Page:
Teachers, administrators and students at Reynoldsburg City Schools found ways to help hurricane victims soon after Hurricane Harvey struck the Houston area.
When Kelvin Sampson, head basketball coach at the University of Houston, sent out a Tweet asking schools to send T-shirts and shoes for victims, schools and universities all over the United States responded.
District Communications Director Valerie Wunder said Reynoldsburg donated eight to 10 boxes of T-shirts.
Superintendent Melvin Brown sent out a photo Aug. 30 of two Reynoldsburg students packing T-shirts and shoes into a box.
"Just the beginning and heading to you soon," Brown wrote in a Tweet to Sampson. "Our community sends you prayers."
Herbert Mills Elementary STEM coordinator Alexa Barbati said the school adopted Matzke Elementary School in Houston to send them a "kindness box" filled with school supplies such as markers, pencils, glue, notebooks and folders.
The collection began Sept. 11 and was expected to conclude Sept. 22.
Barbati said fourth-grade teacher and STEM coordinator Denise Taylor discovered a Projects Lead The Way: Donors Choose Giving page, which gave information about adopting the Houston school.
Helping Matzke Elementary became the basis for other lessons at the Reynoldsburg school.
"Collectively, we developed and implemented a schoolwide initiative to assist those impacted by the devastation of the hurricane," Barbati said. "Our essential question was, what is a hurricane and how can we help a hurricane-devastated area?"
She said each grade level was tasked with presenting standards-aligned research at the school's morning assembly, called Morning Roar.
"Second-graders researched natural disasters and presented about hurricanes, specifically Hurricane Harvey and the aftermath they have on communities," Barbati said. "Third- and fourth-grade students presented state demographics and compared Houston with Reynoldsburg."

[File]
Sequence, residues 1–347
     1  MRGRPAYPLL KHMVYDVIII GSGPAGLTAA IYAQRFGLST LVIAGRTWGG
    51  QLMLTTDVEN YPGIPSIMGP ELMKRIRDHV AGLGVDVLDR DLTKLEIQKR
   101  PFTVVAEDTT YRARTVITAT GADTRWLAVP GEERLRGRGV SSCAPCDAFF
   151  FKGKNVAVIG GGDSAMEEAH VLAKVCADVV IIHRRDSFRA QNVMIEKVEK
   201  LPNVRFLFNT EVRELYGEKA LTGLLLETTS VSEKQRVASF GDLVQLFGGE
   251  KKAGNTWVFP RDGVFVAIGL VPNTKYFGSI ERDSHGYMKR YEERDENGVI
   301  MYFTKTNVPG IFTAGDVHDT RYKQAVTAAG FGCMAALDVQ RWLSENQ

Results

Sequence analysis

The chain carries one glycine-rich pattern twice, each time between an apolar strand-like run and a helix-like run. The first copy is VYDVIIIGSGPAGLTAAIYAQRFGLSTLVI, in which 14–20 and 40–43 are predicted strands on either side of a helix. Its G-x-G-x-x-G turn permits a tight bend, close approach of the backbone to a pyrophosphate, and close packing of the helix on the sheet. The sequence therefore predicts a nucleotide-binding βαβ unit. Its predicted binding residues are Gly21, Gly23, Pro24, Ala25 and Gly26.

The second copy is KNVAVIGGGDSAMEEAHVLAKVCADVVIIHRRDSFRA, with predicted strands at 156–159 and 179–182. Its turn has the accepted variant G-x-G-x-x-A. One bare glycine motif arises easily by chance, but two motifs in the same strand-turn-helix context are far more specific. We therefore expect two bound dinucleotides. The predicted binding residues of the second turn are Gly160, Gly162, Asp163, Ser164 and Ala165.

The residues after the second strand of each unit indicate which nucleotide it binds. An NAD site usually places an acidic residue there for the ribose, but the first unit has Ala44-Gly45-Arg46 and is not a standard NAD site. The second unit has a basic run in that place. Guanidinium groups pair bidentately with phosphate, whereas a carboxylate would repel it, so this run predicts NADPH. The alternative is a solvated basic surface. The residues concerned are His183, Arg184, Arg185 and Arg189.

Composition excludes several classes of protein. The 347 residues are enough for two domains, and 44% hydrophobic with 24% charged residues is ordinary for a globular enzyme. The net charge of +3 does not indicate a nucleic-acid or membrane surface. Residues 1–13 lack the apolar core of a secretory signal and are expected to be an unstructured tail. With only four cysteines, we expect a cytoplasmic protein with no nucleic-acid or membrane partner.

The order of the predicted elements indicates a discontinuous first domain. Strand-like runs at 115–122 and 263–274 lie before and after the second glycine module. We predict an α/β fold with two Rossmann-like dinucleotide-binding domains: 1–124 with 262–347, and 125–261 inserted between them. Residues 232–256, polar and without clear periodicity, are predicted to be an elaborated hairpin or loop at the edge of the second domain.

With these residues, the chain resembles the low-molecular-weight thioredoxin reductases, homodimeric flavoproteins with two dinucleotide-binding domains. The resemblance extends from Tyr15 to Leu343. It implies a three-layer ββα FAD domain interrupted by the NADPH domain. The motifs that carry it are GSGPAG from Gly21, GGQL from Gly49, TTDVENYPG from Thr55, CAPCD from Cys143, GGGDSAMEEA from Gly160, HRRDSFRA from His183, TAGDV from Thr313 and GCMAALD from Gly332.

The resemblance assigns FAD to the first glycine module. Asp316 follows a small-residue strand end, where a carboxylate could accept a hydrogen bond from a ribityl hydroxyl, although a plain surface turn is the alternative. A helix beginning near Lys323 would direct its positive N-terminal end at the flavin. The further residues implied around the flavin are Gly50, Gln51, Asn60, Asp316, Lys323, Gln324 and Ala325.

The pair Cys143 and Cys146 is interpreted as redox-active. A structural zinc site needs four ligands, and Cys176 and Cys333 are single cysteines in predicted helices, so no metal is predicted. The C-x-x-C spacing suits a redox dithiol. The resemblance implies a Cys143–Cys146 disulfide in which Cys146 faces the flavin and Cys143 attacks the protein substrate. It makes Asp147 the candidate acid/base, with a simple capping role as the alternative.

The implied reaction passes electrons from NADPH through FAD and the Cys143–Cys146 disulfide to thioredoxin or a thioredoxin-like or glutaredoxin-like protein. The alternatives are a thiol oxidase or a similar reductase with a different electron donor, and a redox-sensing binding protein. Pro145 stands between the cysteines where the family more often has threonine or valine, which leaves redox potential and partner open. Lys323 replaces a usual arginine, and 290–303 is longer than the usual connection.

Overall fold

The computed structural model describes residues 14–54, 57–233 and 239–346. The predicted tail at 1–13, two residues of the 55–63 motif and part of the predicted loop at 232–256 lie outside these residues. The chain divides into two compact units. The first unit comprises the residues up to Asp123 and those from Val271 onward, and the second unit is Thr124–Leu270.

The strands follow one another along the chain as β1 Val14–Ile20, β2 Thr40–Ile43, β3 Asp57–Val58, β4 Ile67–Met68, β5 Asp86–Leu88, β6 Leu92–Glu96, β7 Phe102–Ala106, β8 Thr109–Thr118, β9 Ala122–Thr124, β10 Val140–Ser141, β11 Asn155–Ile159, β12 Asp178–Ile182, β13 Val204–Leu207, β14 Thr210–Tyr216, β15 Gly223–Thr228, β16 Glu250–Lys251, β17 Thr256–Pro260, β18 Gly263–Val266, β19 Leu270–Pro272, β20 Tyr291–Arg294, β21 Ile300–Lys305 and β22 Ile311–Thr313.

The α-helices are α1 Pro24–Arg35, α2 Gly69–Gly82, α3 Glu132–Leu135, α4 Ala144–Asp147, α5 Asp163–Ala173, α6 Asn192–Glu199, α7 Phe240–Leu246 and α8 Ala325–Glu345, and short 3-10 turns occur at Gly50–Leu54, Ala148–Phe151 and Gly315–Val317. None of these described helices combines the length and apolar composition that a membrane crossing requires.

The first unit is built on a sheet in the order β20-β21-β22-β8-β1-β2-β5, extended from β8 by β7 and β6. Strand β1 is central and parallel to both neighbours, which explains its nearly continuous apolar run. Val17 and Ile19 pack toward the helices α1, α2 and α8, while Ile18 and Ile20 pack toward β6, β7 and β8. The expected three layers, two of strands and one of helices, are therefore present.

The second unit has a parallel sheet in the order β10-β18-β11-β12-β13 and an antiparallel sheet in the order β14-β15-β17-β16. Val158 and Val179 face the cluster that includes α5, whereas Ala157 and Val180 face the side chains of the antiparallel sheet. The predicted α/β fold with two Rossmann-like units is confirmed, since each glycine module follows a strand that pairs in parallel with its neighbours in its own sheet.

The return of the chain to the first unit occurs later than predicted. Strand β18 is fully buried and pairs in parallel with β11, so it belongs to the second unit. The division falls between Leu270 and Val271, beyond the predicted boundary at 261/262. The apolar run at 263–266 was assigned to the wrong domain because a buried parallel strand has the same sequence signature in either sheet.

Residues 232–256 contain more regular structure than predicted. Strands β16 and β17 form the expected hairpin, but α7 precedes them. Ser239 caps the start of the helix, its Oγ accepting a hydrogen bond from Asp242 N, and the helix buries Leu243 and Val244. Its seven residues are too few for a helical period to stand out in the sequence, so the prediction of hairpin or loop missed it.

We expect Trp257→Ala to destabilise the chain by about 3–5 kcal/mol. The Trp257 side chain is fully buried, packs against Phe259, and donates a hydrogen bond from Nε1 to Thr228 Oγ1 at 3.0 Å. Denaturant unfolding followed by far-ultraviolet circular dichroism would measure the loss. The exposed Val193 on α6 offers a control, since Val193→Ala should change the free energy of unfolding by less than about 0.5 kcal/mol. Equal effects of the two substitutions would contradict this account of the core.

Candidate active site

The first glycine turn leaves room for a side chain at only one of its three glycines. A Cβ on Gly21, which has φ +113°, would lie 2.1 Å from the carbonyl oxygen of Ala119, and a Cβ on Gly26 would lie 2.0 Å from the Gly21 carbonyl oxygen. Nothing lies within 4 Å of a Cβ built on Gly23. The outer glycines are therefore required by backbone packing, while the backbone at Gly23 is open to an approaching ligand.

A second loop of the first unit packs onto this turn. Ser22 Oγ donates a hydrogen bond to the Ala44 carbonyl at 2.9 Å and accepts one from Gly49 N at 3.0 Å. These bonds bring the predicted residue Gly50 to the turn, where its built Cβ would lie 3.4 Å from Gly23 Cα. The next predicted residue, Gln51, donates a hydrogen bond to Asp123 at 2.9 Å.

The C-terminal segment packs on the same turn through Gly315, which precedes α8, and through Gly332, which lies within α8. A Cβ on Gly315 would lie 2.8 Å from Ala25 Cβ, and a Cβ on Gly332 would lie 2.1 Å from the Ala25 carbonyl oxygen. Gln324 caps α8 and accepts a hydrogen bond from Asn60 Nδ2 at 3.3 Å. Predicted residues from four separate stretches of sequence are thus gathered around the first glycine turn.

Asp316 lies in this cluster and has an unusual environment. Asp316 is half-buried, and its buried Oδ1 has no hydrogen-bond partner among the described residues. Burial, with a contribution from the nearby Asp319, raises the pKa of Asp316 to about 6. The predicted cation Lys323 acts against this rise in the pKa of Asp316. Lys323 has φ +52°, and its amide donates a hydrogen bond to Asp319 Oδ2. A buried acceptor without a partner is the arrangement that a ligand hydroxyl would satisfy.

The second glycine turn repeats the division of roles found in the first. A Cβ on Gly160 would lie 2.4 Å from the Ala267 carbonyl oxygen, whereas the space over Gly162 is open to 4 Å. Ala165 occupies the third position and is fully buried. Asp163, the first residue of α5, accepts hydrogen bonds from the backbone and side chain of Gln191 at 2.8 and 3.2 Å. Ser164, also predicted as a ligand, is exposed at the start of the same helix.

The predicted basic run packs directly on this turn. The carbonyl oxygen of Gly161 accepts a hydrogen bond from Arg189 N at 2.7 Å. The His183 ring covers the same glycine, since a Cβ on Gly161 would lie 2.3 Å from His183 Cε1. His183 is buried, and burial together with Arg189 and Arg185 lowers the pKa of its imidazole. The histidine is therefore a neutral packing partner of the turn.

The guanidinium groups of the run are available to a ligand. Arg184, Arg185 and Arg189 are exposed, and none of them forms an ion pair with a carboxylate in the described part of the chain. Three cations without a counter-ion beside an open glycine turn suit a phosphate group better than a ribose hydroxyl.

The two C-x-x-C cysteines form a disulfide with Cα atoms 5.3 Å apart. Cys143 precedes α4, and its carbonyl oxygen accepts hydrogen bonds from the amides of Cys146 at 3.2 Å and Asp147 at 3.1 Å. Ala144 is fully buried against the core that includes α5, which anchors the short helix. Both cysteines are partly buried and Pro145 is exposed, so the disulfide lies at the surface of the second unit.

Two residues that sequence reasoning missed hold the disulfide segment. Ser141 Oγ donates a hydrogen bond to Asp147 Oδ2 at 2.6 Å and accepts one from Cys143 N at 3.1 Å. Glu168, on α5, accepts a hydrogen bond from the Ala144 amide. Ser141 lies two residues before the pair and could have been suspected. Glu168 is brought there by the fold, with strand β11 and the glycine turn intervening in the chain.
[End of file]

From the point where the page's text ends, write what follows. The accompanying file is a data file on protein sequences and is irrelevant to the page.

She said first-graders used writing standards to write and read aloud friendly, empathetic letters to the students at the adopted school.
"The presentations demonstrated the real-world impact Hurricane Harvey had on students their own age," she said.
Barbati said Herbert Mills' humanitarian and global focus means teachers "are constantly striving to provide students with real-world problems to solve."
"This is a valuable experience for them because it encourages holistic thinking and finding meaningful ways to contribute and solve the very problems students face in the world around them," Barbati said.
"Service-oriented projects teach key skills, that we, as educators, want students to use when completing STEM projects that will transfer into adult life, such as empathy, empowerment and generosity."
Other central Ohio school districts have also stepped up to assist schools in areas hit by hurricanes.
In Canal Winchester, students and staff members collected more than $3,300 to donate to American Red Cross relief efforts by donating money for the privilege of wearing hats, jeans or pajamas to school.
The Gahanna Lincoln High School "S" Club was matched through a Facebook post and a Google information form with a class at Dickinson High School southwest of Houston. Their teachers -- Marcie Aiello in Gahanna and Jessica Wheat in Texas -- have been corresponding so the girls in the Gahanna club can donate items that are most needed.
Funds donated by Westerville North High school students will assist Kristi Wolfe, a Westerville North alumna, for her high school in Cedar Creek, Texas, and North friend Dana Lofgren and her school, Kingwood High School in Kingwood, Texas.